Stem cells have the potential to become any type of cell in the body. Its ability of self-renewing or multiplying while maintaining the potential to develop into other types of cells makes them possible to become cells of the blood, heart, bones, skin, muscles, brain etc.
There are a number of adult stem cell therapies available, particularly bone marrow transplants that are used for treating leukemia. It is expected that stem cell therapies could eventually be used to treat various types of disease including cancer, Parkinson's disease, diabetes, heart failure, heart disease and other chronic ailments.
In contrast with previous findings, a study led by researchers from University of Miami found that stem cells donated by strangers could help restore heart tissues damaged by heart attack. The news was disclosed on November 6, 2012 during the American Heart Association’s (AHA) Scientific Sessions 2012. The findings were then published on December 12, 2012 in the ‘Journal of the American Medical Association’.
Only 30 patients in Miami and Baltimore were involved in the study. All of them had suffered heart attack years earlier, some as long as 30 years ago, and developed heart failure because the scar tissue from the heart attack had weakened their hearts making them unable to pump blood effectively.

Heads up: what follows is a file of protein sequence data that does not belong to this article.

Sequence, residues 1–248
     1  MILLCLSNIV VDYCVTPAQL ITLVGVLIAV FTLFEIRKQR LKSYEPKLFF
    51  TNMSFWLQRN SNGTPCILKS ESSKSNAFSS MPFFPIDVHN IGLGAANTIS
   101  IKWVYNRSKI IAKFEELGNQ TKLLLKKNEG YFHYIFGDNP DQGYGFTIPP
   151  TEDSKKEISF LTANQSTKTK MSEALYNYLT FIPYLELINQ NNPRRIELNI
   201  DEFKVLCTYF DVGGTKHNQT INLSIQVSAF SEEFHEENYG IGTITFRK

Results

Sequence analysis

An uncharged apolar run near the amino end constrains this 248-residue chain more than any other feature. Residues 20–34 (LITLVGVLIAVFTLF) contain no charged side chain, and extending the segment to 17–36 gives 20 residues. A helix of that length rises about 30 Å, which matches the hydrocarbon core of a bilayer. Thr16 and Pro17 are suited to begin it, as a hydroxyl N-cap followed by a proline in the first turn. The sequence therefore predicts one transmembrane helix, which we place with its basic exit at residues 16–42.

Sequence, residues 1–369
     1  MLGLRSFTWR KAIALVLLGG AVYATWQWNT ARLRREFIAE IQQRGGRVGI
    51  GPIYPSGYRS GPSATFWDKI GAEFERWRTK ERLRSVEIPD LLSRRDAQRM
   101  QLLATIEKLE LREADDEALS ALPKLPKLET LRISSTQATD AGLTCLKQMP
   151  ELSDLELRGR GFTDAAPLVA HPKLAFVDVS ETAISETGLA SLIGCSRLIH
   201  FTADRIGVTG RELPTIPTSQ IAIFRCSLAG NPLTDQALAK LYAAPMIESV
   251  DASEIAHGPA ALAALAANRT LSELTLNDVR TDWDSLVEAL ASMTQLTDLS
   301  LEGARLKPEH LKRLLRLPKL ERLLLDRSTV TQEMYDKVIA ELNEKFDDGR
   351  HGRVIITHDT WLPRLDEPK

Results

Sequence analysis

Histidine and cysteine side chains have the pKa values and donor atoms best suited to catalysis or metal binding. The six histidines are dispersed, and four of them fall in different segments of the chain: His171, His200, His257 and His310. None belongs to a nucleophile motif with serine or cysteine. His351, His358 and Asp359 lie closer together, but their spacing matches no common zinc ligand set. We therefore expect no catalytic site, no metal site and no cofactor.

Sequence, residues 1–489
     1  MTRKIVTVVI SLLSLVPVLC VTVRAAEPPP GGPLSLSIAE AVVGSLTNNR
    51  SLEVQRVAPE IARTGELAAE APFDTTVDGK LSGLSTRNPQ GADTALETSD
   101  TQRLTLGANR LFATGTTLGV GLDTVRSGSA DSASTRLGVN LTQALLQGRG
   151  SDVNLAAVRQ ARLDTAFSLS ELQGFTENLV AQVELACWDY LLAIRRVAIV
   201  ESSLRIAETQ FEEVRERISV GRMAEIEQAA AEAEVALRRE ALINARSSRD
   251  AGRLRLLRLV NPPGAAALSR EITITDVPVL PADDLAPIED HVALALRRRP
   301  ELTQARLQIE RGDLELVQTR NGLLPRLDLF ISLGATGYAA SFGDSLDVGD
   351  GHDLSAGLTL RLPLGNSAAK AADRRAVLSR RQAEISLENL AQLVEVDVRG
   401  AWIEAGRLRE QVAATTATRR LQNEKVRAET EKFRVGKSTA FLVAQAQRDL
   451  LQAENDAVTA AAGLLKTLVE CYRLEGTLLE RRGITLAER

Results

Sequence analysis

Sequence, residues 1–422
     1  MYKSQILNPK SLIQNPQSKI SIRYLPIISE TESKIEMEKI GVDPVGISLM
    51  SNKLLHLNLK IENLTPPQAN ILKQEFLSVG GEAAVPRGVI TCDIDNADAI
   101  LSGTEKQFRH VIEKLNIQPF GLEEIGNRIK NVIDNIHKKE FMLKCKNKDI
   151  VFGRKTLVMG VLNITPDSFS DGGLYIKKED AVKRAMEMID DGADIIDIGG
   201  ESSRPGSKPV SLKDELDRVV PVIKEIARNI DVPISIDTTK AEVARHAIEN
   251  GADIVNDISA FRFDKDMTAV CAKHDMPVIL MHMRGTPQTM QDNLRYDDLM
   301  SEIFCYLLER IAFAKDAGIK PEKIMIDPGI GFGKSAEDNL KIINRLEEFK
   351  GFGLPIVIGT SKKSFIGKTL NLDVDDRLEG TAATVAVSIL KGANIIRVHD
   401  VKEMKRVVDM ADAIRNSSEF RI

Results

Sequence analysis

Researchers advertised for people to supply marrow. A specific type of stem cells were removed from bone marrow using a needle into the hip and then amplified for about a month in a laboratory at Baltimore’s Johns Hopkins University. According to researchers, recipients would not reject these stem cells as they lack a key feature on their surface that makes the immune system see them as foreign tissue and attack them.
The cells were then returned to Miami and delivered through a tube pushed through a groin artery into the heart near the scarred area. Cells from own marrow were given to 15 patients and cells from strangers were given to the other 15.
After about a year, scar tissue had been reduced by about one-third. Improvements in how far patients could walk and in quality of life were noted in both groups. There was no significant difference on how well their hearts were able to pump blood.
This definitely is a breakthrough because cells supplied by others can now be used without blood or tissue matching. Cells could be made ready in the blood bank so needed patients could just come in for a therapy without much delay. Moreover, it is also cheaper to make the donor cells as a single marrow donor could supply enough cells to treat as much as 10 people.